without conditions those defendants who pose little risk of
flight or of committing another offense, these constitutional
and legislative changes represent a major reform to criminal
justice that will promote public safety and fairness.
in New Jersey, individuals had a constitutional right to bail
before trial in all criminal cases, "except for capital
offenses when the proof is evident or the presumption
great." N.J. Const, art. I, ¶ 11; N.J.
Const, of 1844 art. I, ¶ 10. Although this
fundamental right to bail was first incorporated into the New
Jersey Constitution in 1844, it existed by statute prior to
the 1776 Constitution. State v. Johnson, 61 N.J.
351, 354 (1972) (citing Leaming & Spicer, Grants and
Concessions of New Jersey, 1664-1702 235 (1881)).
constitutional amendment approved by voters in November 2014
arose from the recognition that a sizable number of pretrial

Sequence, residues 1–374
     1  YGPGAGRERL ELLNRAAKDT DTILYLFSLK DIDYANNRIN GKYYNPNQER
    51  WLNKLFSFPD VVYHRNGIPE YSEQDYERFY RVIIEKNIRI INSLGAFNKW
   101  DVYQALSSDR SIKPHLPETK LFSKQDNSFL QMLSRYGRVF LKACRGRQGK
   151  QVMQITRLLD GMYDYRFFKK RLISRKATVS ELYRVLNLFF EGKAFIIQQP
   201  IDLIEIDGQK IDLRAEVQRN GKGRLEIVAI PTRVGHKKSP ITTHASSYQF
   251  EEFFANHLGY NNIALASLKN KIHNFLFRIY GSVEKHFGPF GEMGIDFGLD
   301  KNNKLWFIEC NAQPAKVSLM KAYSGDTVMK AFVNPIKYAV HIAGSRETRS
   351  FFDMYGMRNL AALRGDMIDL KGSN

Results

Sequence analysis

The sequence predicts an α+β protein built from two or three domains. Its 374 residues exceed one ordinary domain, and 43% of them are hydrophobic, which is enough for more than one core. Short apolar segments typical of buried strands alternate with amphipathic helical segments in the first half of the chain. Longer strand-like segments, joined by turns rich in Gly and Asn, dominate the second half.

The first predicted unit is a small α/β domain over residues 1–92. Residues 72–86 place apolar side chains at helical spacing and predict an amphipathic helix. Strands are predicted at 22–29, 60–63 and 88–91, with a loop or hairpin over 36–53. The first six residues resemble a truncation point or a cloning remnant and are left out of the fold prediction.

defendants stayed in jail before trial because of their
inability to pay relatively small amounts of bail. Pub.
Hearing before Senate Law and Pub. Safety Comm., Senate
Concurrent Resol. 128, at 2 (July 24, 2014),
07242014.pdf (Public Hearing). The reliance on bail
also led to the pretrial release of high-risk defendants
without appropriate individual assessments. Public
Hearing, supra, at 1-2. The 2014 constitutional
amendment was intended to address these issues.
2014, the Legislature adopted a new law to take effect on the
same day as the constitutional amendment. Effective on
January 1, 2017, the Bail Reform Act established reforms for
bail and other forms of pretrial release and for pretrial
detention, established statutory speedy trial deadlines, and
made other changes to court administration and court-related
programs. See Statement to S. 94 6 (July 31, 2014).
three-fold purpose of the Bail Reform Act is to primarily
rely upon pretrial release by non-monetary means "to
reasonably assure an eligible defendant's appearance in
court when required, the protection of the safety of any
other person or the community, [and] that the eligible
defendant will not obstruct or attempt to obstruct the